Collaboration with Lucinda Turner.
In 1982, I completed a commission for a 55’ totem pole, “Big Beaver”, for the entrance to the Field Museum in Chicago. I traveled with a Nisga’a delegation to Chicago to ceremonially raise the pole. In my address, I stated that a pole would only be erected on land that you owned — and thanked the city of Chicago for the gift of such a beautiful city. The Mayor, who spoke next, publicly presented me with the city! The Field Museum were in the midst of finalizing the protocols for the opening of a Maori exhibition and were asked to include a local welcoming, including a warrior contingent, to ensure that the intent of the Maori was a peaceful celebration on foreign soil in response to an invitation. Given my new ownership of the city, I was asked to make a return visit to Chicago with Nisga’a ceremonial warriors to welcome the Maori to Chicago. In return, they presented me with a ceremonial chief’s adze, and I will be wearing this to welcome the Maori to Vancouver.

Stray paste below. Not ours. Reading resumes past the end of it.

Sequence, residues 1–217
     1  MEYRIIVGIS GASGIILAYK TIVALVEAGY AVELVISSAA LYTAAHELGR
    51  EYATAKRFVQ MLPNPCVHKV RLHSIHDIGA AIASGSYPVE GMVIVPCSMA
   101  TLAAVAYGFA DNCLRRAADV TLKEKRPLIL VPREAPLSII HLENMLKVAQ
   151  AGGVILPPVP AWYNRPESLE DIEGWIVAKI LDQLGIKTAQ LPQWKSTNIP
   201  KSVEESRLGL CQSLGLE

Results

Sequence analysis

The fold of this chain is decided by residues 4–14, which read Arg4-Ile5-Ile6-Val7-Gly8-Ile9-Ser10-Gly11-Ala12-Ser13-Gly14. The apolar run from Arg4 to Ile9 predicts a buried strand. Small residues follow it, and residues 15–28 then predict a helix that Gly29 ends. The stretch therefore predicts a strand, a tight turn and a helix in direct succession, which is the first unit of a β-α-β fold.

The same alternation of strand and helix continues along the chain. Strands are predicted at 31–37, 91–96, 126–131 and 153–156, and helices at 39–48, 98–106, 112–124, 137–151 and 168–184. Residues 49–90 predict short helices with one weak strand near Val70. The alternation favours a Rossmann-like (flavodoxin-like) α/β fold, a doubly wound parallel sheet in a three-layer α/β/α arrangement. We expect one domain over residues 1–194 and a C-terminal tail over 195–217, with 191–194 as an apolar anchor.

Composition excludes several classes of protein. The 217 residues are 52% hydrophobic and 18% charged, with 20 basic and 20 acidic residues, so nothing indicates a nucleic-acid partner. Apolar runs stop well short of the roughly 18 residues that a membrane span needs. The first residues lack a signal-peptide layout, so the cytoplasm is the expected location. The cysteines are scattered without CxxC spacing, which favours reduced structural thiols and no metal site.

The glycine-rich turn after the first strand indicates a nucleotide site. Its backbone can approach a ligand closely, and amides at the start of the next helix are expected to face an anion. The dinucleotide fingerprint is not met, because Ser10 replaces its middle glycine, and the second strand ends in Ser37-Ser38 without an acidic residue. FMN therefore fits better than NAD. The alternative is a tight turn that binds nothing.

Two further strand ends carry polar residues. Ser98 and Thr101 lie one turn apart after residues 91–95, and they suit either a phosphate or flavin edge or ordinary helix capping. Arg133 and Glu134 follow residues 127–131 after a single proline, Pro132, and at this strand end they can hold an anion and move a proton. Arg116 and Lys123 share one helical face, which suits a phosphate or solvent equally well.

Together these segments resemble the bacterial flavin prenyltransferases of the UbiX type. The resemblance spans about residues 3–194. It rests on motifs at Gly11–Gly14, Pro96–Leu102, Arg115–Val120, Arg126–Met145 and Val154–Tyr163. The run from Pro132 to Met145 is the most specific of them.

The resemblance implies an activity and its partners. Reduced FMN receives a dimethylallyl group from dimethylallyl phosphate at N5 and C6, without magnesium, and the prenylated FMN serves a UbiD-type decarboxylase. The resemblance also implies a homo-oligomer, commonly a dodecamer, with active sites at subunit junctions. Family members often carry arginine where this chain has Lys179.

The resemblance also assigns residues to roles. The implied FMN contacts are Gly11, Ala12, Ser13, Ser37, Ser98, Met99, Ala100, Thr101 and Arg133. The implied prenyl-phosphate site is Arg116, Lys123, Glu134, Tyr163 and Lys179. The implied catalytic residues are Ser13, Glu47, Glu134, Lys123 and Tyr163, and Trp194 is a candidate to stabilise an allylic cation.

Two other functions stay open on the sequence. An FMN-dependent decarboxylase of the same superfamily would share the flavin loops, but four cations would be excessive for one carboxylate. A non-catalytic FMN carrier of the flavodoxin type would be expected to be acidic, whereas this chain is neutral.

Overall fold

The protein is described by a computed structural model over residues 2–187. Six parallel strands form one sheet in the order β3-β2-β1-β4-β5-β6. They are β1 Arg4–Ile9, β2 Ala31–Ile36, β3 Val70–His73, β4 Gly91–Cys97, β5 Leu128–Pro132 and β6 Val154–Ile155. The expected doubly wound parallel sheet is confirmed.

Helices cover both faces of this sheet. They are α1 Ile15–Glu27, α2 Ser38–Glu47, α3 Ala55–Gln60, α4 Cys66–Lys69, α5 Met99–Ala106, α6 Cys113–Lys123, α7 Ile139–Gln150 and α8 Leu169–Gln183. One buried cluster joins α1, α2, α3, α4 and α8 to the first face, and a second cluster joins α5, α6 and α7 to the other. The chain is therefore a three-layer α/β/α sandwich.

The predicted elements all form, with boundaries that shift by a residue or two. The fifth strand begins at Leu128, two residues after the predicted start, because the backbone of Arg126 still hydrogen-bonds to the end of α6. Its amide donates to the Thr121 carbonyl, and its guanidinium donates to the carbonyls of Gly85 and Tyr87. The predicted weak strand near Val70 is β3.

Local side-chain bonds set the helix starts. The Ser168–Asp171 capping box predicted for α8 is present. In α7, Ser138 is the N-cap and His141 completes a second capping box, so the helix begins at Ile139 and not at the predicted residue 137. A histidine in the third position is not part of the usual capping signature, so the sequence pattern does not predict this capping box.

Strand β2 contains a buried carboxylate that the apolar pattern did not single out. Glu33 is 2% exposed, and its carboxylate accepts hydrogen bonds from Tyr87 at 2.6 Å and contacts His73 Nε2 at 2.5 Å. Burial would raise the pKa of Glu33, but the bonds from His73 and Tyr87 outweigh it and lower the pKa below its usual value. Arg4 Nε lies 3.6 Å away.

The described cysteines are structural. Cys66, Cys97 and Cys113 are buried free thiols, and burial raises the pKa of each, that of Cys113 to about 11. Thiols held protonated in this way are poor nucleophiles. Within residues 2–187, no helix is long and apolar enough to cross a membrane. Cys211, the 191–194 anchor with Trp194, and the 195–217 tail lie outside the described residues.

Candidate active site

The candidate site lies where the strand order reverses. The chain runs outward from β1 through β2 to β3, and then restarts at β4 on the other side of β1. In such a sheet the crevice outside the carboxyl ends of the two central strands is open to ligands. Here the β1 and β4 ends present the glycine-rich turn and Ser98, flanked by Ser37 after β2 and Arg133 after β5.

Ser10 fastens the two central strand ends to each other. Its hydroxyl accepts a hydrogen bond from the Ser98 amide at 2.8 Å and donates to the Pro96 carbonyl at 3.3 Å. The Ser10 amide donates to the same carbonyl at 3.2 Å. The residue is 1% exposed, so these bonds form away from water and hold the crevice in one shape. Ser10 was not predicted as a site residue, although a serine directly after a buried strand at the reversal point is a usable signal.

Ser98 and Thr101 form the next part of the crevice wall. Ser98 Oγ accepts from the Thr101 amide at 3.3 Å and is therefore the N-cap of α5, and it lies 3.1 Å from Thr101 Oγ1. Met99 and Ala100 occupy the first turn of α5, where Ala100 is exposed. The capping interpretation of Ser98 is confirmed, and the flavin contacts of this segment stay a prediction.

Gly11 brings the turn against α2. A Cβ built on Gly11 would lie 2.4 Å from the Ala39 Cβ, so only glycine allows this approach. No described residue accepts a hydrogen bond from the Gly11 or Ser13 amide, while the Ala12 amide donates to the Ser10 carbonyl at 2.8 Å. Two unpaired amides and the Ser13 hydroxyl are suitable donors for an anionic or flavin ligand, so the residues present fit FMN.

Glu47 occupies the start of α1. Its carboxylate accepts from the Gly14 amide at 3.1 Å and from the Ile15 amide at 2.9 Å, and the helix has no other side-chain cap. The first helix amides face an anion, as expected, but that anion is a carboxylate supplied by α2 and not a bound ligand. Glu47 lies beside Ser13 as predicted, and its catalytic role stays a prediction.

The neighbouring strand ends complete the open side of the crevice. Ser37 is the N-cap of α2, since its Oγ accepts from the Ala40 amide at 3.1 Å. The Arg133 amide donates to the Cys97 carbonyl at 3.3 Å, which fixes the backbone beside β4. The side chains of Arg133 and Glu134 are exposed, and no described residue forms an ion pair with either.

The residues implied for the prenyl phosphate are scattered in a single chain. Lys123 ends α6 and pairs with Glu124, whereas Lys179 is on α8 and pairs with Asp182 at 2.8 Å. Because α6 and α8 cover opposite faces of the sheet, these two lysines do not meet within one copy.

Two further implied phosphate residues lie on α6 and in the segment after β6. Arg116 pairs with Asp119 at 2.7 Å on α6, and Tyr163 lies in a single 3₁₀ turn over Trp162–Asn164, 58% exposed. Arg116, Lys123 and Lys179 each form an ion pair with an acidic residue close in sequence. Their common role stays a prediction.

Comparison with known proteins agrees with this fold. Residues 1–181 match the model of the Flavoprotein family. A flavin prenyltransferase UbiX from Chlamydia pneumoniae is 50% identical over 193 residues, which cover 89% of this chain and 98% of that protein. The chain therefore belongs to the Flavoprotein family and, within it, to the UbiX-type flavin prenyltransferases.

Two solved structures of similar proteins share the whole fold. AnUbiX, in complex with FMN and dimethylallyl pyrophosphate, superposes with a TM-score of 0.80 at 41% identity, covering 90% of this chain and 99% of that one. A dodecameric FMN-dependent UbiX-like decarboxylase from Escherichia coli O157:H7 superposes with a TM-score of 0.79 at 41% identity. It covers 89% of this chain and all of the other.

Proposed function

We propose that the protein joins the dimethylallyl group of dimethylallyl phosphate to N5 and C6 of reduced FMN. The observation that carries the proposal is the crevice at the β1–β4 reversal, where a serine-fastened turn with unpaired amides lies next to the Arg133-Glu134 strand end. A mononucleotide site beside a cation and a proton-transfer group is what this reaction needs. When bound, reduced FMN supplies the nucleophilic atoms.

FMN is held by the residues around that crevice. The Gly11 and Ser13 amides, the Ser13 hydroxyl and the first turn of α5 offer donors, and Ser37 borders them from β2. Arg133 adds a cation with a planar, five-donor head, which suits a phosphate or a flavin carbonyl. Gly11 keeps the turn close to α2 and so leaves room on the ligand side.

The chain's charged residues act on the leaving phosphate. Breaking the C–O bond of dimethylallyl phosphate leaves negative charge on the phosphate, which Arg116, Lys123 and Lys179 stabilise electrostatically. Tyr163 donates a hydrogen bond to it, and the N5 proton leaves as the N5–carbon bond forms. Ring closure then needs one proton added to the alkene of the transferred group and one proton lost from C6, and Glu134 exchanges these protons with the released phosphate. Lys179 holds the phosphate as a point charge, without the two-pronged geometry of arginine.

The Sea Urchin Bowl is just a figment of my imagination. I do believe it has spirit, thus the little man on top. The designs along the sides are to enhance the spirit of the bowl.
Norman was born in 1941 in the northern community of Kincolith, British Columbia. He learned from his family protocols, oral histories and ceremonies and had an early interest in the arts. He carved the 16.5-metre (55-foot) totem pole for the entranceway to the Field Museum in Chicago and a totem pole commissioned by the British royal family for Bushy Park in London. He has carved and ceremonially raised five totem poles in Greater Vancouver, including at the University of British Columbia Museum of Anthropology, Stanley Park, Capilano Mall and the Native Education Centre. He has conducted extensive research into Nisga’a art and is the foremost Nisga’a artist in wood, precious metals and graphics.
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